Lawrence's first drive-through flu shot clinic draws 402 people

Volunteer Tiffany Belland, a student in Kansas University's School of Pharmacy, gets a flu shot ready during a drive-thru flu shot clinic in 2010 at KU's Park and Ride Lot, Clinton Parkway and Iowa Street.

Volunteer Tiffany Belland, a student in Kansas University's School of Pharmacy, gets a flu shot ready during a drive-thru flu shot clinic in 2010 at KU's Park and Ride Lot, Clinton Parkway and Iowa Street. by Kevin Anderson

Four hundred and two people got a free flu shot Saturday morning during Lawrence’s first drive-through vaccination clinic.

Forty cars were waiting in line when the clinic opened at 8:45 a.m. — 15 minutes earlier than scheduled — in Kansas University’s Park and Ride Lot at the northwest corner of Clinton Parkway and Iowa Street.

There were about 70 people who volunteered or worked during the clinic, which ended at 10:30 a.m. It was a public health emergency training exercise for Lawrence-Douglas County Health Department staff, the Douglas County Medical Reserve Corps, and community volunteers.

Health department director Dan Partridge thought the training exercise ran smoothly.

“I was just gauging how many people were smiling and I thought there were far more smiles than frowns. So, I think it went well,” he said.

Nancy Reese, center, and her husband, Jim, stopped to get their flu shots from volunteer Barbara Schnitker Saturday, Oct. 16, 2010, during Lawrence's first drive-through flu shot clinic.

Nancy Reese, center, and her husband, Jim, stopped to get their flu shots from volunteer Barbara Schnitker Saturday, Oct. 16, 2010, during Lawrence's first drive-through flu shot clinic. by Kevin Anderson

Drivers are directed to stalls this morning during a drive-through flu shot clinic at Kansas University's Park and Ride Lot. The flu shots were free because the clinic served as a public health emergency training exercise for Lawrence-Douglas County Health Department staff, the Douglas County Medical Reserve Corps, and community volunteers.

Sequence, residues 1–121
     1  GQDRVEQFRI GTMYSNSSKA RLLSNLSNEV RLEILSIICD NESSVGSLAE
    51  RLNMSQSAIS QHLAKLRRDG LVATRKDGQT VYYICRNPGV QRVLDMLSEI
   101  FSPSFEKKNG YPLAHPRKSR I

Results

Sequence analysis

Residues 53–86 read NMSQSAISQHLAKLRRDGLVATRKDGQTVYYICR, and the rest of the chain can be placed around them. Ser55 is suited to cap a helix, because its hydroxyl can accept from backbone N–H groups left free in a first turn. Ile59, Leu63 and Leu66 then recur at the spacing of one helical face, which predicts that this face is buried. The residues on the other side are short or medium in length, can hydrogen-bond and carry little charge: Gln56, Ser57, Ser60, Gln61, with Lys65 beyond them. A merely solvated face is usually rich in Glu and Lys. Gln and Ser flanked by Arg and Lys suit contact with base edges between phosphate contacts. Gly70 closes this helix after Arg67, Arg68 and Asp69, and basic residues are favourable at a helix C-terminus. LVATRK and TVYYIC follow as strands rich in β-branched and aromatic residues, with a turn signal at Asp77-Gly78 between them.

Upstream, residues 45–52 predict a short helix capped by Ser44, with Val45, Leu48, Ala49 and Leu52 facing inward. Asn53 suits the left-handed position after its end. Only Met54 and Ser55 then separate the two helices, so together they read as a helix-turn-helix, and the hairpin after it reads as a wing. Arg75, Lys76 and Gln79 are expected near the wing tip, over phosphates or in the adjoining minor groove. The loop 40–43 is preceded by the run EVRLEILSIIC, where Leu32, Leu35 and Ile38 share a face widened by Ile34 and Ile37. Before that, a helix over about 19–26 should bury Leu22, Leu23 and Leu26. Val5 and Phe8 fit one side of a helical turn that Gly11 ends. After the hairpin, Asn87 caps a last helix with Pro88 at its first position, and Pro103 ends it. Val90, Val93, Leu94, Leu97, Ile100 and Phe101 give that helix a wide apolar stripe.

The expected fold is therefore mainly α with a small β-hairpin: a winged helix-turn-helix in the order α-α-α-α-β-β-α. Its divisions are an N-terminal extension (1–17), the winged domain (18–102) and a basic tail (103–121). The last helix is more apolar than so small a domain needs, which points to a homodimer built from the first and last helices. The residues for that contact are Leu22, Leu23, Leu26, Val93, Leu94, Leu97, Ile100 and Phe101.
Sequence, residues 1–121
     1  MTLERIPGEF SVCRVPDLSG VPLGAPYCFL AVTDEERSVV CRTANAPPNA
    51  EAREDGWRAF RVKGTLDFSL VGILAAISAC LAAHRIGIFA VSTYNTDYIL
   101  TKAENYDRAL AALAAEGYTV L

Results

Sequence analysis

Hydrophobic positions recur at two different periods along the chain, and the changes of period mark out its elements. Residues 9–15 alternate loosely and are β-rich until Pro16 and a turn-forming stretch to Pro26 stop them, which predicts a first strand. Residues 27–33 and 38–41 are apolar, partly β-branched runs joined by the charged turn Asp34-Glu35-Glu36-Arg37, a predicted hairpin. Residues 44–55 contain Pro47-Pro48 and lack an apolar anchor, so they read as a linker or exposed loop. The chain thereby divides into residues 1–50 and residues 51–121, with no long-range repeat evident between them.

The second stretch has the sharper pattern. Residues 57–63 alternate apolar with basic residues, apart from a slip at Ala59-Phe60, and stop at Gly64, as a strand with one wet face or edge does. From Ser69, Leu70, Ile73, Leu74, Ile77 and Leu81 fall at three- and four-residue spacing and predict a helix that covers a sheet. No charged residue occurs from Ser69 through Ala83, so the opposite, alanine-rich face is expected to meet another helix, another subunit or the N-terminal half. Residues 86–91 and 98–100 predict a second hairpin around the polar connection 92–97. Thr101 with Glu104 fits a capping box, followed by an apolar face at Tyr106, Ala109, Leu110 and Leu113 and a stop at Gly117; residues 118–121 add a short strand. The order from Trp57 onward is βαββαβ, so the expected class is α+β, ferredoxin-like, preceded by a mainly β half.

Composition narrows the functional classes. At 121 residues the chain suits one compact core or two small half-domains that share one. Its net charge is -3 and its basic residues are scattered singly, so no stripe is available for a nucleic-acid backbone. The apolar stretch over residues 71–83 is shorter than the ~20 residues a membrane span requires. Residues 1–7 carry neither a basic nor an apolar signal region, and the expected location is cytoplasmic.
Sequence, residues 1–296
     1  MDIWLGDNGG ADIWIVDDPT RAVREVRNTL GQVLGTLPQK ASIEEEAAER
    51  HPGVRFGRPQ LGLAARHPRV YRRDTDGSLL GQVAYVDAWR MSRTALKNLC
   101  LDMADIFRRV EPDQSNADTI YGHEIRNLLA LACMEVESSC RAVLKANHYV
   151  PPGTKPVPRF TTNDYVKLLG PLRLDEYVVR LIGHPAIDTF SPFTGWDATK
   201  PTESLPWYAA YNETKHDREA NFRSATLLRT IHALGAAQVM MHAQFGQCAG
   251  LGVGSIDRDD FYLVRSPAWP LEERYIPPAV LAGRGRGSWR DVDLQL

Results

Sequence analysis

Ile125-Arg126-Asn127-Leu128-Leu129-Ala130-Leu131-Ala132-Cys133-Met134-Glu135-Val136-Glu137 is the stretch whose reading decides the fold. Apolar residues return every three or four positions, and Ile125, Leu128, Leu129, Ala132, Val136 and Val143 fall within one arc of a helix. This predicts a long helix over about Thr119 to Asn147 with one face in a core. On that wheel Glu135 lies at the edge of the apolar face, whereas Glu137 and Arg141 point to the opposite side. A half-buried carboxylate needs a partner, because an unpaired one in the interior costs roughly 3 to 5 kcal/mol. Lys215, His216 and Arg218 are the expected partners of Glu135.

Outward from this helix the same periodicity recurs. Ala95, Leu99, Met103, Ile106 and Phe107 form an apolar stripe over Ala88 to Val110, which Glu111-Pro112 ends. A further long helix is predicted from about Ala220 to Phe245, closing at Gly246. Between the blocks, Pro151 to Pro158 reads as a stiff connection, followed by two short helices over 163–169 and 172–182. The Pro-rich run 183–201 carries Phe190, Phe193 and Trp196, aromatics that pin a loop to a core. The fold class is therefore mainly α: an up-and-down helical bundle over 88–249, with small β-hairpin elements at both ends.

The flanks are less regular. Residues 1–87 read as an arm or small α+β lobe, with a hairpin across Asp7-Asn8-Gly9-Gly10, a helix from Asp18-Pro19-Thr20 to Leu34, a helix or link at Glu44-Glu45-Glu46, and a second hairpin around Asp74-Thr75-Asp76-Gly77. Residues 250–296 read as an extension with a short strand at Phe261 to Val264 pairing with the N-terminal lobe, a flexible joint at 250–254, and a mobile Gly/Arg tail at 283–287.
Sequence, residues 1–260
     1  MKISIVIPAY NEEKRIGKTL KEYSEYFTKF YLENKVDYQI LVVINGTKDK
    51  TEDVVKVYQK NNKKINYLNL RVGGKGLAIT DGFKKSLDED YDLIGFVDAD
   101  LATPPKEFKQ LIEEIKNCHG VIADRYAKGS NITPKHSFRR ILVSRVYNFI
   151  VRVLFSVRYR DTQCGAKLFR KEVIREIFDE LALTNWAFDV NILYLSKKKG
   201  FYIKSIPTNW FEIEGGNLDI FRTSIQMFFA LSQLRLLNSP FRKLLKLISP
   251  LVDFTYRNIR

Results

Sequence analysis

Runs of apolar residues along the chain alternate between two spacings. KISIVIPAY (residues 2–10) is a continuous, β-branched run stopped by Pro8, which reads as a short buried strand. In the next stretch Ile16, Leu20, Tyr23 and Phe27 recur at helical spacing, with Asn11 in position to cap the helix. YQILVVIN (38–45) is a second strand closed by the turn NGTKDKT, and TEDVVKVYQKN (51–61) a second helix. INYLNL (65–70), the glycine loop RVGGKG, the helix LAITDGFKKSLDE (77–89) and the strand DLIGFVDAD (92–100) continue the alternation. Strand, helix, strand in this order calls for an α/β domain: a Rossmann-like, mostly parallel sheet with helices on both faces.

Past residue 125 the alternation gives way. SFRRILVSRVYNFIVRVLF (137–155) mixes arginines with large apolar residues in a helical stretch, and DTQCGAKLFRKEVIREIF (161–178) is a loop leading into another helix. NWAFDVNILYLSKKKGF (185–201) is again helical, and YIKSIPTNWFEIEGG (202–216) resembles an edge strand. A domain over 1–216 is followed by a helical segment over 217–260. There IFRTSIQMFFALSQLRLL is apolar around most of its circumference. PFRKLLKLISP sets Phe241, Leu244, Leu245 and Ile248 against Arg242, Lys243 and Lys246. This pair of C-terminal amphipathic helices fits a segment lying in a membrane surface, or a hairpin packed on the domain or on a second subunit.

Drivers are directed to stalls this morning during a drive-through flu shot clinic at Kansas University's Park and Ride Lot. The flu shots were free because the clinic served as a public health emergency training exercise for Lawrence-Douglas County Health Department staff, the Douglas County Medical Reserve Corps, and community volunteers. by Kevin Anderson

Driver Tena Santaularia, Lawrence, received an "I was brave" sticker after getting a flu shot Saturday, Oct. 16, 2010, at a drive-through clinic at the Kansas University's Park and Ride Lots.

Driver Tena Santaularia, Lawrence, received an "I was brave" sticker after getting a flu shot Saturday, Oct. 16, 2010, at a drive-through clinic at the Kansas University's Park and Ride Lots. by Kevin Anderson

Drivers made their way through a maze of traffic safety cones. Along the way, they stopped at a station where vaccine consent forms were checked.

Then they drove up and parked next to one of eight vaccination stations. The vaccinators took their consent forms, and the participants rolled up their sleeves, got a flu shot, and drove off. For those who needed extra assistance, like terrified children or the developmentally disabled, there were chairs to sit on at each station.

David Nelson, Lawrence, and his wife, Sherry, waited about 20 minutes to get their flu shots, but they didn’t mind.

“I am in my car,” he said, laughing. “I am a big fan of drive-ins. I love this.”

The 60-somethings described the clinic as well organized.

The longest wait was about 35 minutes. By 10:15 a.m., there was no line.

James Wisler Sr., Lawrence, and his 3-year-old son James Wisler Jr., enjoyed the nice weather during their 25-minute wait in a convertible.

“It’s organized, well-planned,” Wisler Sr. said. “I am really happy about it.”

However, his son, who was in the back seat, didn’t seem too thrilled, especially after getting poked. A worker gave him a sticker that said, “I just got a shot — hero,” but that didn’t cheer him up or stop the tears.

Partridge said he was a little disappointed in the turnout. They were planning for about 1,000 people.

“We had great weather, maybe too perfect,” he said.

Partridge estimated the clinic cost $4,000, so he wasn’t sure if they would offer it again next year.

Tagged: Lawrence-Douglas County Health Department, flu shot, flu, vaccine

Comments

ldchealth 3 years, 6 months ago

Thanks to everyone who helped or attended today's event! We couldn't have done it without our volunteers.

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